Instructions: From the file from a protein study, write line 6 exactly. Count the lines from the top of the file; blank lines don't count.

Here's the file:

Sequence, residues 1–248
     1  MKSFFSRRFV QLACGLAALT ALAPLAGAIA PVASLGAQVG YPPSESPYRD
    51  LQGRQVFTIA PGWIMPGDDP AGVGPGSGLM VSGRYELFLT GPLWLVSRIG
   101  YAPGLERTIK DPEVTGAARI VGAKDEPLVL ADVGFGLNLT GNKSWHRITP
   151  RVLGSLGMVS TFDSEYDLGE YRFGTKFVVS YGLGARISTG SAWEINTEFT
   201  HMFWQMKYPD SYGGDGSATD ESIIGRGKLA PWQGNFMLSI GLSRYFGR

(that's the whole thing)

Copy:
   201  HMFWQMKYPD SYGGDGSATD ESIIGRGKLA PWQGNFMLSI GLSRYFGR